I have tried lots of things to deter them:

  • citrus peel
  • cat shoo plants
  • cayenne pepper
  • lavender
  • half empty plastic bottles of water
  • throwing glasses of water at them (quite satisfying, but worried a person might be standing over the other side of the wall)
  • chicken wire

The chicken wire is a recent purchase. I’ve covered the veg patch in it. There is nothing in the veg patch at the moment because it will soon be converted into a raised bed, but I thought if I can stop them crapping in it with the chicken wire, they may take the hint and move off elsewhere.

That was my theory.  But a couple of hours after unrolling my new weapon I looked out and Lacey was using it like some kind of Commando Cat, pacing up and down between the holes, like it was in training to go to Afghanistan. Quite funny, really.

I’ve been thinking about getting one of these sonic cat deterrent monitor thingies, but they are about fifty quid and seem to get mixed reports.

If anyone has any suggestions of how to deal with these blighters, I’d love to hear it. Please don’t bother with the dog suggestions though.

February 25, 2010

Ramblings

Filed under: Gardening Year 2 — by leafyleith @ 1:06 pm

It’s pouring. If you’re a Fair Weather Gardener what can you do when it’s raining but plan ahead? So that’s what I’m doing today.

I’d planned to go out and tidy up a bit – weeds are beginning to emerge – but stuff it, a bit of online seed and plant shopping is in order.

This is Rosa Veilchenblau. She’s a rambler and likes a bit of shade, so since we have an east facing front then I’m going to try her out there. Hopefully, she’ll grow up the front wall of the house and then I’ll coax her around the window. Country cottage feel in Leith.

I am not a huge fan of roses. In fact I’ve been trying to murder one out the back for over a year. But I like the sound of Rosa Veilchenblau. She has a rich orange scent and NO thorns. And apparently the flowers can appear almost blue on occasions. I have a bluey/purpley theme going on out front (lavenders, alliums, echinops and – fingers crossed – delphiniums). I don’t like thorns. I like a fragrance. Me and Rosa V were made for each other.

January 9, 2010

2010: a gardening odyssey

Filed under: Gardening Year 2 — by leafyleith @ 6:35 pm
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I’ve been in hibernation for some time now, but I thought a review of my first year of gardening might jog my memory for moving things on in 2010.

Things I learned:

  1. You don’t need to adhere to the seed packet instructions too much when it comes to measurements, but DO leave at least a hoe’s width between rows just so you can keep the weeds down and not break your back in the process. I didn’t do this and wish I had
  2. Don’t be too enthusiastic with your sowing… you don’t need to sow the full seed packet in one go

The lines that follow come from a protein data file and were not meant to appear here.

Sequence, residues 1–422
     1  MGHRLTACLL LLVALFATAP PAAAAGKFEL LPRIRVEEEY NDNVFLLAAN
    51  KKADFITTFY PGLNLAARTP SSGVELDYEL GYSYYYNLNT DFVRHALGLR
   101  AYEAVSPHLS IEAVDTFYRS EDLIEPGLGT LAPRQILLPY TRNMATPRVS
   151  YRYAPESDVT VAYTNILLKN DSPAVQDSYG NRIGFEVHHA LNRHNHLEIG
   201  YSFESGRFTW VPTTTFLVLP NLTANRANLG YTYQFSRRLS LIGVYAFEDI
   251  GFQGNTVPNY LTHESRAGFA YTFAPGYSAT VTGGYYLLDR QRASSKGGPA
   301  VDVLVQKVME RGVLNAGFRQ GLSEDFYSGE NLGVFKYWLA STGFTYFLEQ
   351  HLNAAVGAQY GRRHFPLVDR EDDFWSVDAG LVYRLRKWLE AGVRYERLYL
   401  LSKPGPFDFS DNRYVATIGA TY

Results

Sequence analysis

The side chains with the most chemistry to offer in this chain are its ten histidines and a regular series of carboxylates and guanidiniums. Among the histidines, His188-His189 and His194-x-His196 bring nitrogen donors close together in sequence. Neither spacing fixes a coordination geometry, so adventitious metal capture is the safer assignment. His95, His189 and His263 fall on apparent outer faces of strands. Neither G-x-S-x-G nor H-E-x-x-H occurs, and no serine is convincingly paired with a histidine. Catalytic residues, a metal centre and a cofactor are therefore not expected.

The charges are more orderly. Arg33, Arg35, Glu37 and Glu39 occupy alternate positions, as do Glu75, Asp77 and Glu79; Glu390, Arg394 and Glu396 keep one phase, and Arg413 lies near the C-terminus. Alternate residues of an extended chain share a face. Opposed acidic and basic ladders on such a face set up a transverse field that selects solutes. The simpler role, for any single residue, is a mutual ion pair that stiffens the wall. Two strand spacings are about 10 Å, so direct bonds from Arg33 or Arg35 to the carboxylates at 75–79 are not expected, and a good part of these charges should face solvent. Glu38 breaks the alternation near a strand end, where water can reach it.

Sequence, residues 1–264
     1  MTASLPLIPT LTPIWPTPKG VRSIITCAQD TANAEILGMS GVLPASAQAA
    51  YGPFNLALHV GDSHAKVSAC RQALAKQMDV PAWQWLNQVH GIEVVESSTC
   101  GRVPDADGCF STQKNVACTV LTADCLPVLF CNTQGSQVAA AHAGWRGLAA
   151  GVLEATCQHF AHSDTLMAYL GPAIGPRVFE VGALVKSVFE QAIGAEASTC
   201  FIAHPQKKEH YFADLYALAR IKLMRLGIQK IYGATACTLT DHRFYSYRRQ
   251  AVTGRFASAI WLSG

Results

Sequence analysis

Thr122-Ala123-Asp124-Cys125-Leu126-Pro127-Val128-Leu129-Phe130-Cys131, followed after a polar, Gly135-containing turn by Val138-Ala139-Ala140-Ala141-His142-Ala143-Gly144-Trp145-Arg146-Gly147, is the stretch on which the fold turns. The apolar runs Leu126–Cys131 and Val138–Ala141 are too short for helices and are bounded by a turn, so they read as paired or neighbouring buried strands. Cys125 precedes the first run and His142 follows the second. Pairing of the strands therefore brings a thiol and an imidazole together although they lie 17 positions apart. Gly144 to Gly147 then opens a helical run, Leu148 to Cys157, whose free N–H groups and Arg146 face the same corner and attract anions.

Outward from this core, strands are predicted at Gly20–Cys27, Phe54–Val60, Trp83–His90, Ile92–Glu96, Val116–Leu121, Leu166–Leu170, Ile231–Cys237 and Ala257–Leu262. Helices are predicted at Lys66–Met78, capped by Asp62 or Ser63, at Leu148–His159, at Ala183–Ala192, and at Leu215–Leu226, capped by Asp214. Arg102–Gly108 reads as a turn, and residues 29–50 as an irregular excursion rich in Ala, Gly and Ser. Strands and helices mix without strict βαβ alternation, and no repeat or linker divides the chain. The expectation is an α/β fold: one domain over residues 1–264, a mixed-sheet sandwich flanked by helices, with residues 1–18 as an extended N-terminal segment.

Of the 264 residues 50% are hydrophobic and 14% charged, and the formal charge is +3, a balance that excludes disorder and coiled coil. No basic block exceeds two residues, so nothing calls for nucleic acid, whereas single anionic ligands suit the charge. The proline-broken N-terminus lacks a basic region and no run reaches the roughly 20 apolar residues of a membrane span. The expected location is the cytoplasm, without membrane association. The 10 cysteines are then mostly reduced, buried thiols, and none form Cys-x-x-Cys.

3. Successional planting is the key, so that everything isn’t ready at the same time
  4. Don’t believe the weather forecasters if they tell you it’s going to rain. I went off on holiday for a week after being promised rainfall, and came back to a withered up mess. If you are going away for a prolonged period, ask some kindly person to check on your plants
  5. And finally, don’t think people are weird just because they’re not interested in gardening and plants. Well you can think it, but probably best just to keep it to yourself

So that was Gardening Year One. Roll on Gardening Year Two. It’s going to be a busy year.

So far, I’ve got some seed catalogues to flick through, plans for a raised bed (and hopefully some ‘volunteers’ to cart the soil for it through the house), some new pots to fill and some dead delphiniums to try and revive.

Oh and while the weather is so chilly, I’ve been trying to help out Blackbird and Robin with some suet coconut shells, meal-worms and a delicious selection of seeds. Don’t forget our feathered friends during these temperature challenged times.

September 21, 2009

Clean up time

Filed under: Gardening Year 1 — by leafyleith @ 5:15 pm
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It’s getting very autumnal here at Leafyleith. The veg patches are looking very bare and sorry for themselves. I’ve cleared the spots where the peas and pak choi were. Some of the runner beans are still in production along with tomatoes, but everything else is long gone and the butternut squash didn’t even make an appearance. Wee bit too chilly and perhaps a bit neglected?

pink-cyclamen-sep09

The sweet peas are well and truly dead. The marigolds are dying off. The geraniums are still in full swing but am not sure how long they’ll last, so I’ve been trying to inject some cheer and splashed out on some cyclamens and polyanthus last weekend.

flower-pots-sept09

It’s also been the first week that we’ve had no rain for as long as I can remember, so last weekend was spent scrubbing the deck and now it’s stained and ready for winter. Been meaning to do it all summer, but the incessant rain meant it just didn’t happen.

allium-bulbs